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English Dictionary: Contest by the DICT Development Group
4 results for Contest
From WordNet (r) 3.0 (2006) [wn]:
contest
n
  1. an occasion on which a winner is selected from among two or more contestants
    Synonym(s): contest, competition
  2. a struggle between rivals
v
  1. to make the subject of dispute, contention, or litigation; "They contested the outcome of the race"
    Synonym(s): contest, contend, repugn
From Webster's Revised Unabridged Dictionary (1913) [web1913]:
   Contest \Con*test"\, v. i.
      To engage in contention, or emulation; to contend; to strive;
      to vie; to emulate; -- followed usually by with.
  
               The difficulty of an argument adds to the pleasure of
               contesting with it, when there are hopes of victory.
                                                                              --Bp. Burnet.
  
               Of man, who dares in pomp with Jove contest? --Pope.

From Webster's Revised Unabridged Dictionary (1913) [web1913]:
   Contest \Con"test\, n.
      1. Earnest dispute; strife in argument; controversy; debate;
            altercation.
  
                     Leave all noisy contests, all immodest clamors and
                     brawling language.                              --I. Watts.
  
      2. Earnest struggle for superiority, victory, defense, etc.;
            competition; emulation; strife in arms; conflict; combat;
            encounter.
  
                     The late battle had, in effect, been a contest
                     between one usurper and another.         --Hallam.
  
                     It was fully expected that the contest there would
                     be long and fierce.                           --Macaulay.
  
      Syn: Conflict; combat; battle; encounter; shock; struggle;
               dispute; altercation; debate; controvesy; difference;
               disagreement; strife.
  
      Usage: {Contest}, {Conflict}, {Combat}, {Encounter}. Contest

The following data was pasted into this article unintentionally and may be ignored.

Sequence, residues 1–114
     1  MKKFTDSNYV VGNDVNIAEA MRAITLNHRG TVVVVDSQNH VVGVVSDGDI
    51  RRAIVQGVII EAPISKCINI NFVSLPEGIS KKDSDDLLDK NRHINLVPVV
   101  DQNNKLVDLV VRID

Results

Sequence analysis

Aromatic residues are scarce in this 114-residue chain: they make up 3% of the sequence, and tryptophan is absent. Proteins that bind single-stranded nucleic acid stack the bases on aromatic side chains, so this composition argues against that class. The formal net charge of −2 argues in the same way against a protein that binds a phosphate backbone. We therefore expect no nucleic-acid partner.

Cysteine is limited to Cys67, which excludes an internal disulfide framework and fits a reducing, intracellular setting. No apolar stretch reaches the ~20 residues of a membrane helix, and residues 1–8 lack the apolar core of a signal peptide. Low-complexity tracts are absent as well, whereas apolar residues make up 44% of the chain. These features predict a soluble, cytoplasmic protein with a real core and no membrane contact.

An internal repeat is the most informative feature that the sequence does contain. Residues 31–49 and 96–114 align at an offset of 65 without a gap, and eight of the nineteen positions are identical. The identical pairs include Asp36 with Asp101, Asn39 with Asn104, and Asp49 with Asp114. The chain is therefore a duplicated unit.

is the broadest term, and had originally no reference
                  to actual fighting. It was, on the contrary, a legal
                  term signifying to call witnesses, and hence came to
                  denote first a struggle in argument, and then a
                  struggle for some common object between opposing
                  parties, usually one of considerable duration, and
                  implying successive stages or acts. Conflict denotes
                  literally a close personal engagement, in which sense
                  it is applied to actual fighting. It is, however, more
                  commonly used in a figurative sense to denote
                  strenuous or direct opposition; as, a mental conflict;
                  conflicting interests or passions; a conflict of laws.
                  An encounter is a direct meeting face to face. Usually
                  it is a hostile meeting, and is then very nearly
                  coincident with conflict; as, an encounter of opposing
                  hosts. Sometimes it is used in a looser sense; as,
                  [bd]this keen encounter of our wits.[b8] --Shak.
                  Combat is commonly applied to actual fighting, but may
                  be used figuratively in reference to a strife or words
                  or a struggle of feeling.

From Webster's Revised Unabridged Dictionary (1913) [web1913]:
   Contest \Con*test"\, v. t. [imp. & p. p. {Contested}; p. pr. &
      vb. n. {Contesting}.] [F. contester, fr. L. contestari to
      call to witness, contestari litem to introduce a lawsuit by
      calling witnesses, to bring an action; con- + testari to be a
      witness, testic witness. See {Testify}.]
      1. To make a subject of dispute, contention, litigation, or
            emulation; to contend for; to call in question; to
            controvert; to oppose; to dispute.
  
                     The people . . . contested not what was done.
                                                                              --Locke.
  
                     Few philosophical aphorisms have been more frequenty
                     repeated, few more contested than this. --J. D.
                                                                              Morell.
  
      2. To strive earnestly to hold or maintain; to struggle to
            defend; as, the troops contested every inch of ground.
  
      3. (Law) To make a subject of litigation; to defend, as a
            suit; to dispute or resist; as a claim, by course of law;
            to controvert.
  
      {To contest an election}. (Polit.)
            (a) To strive to be elected.
            (b) To dispute the declared result of an election.
  
      Syn: To dispute; controvert; debate; litigate; oppose; argue;
               contend.
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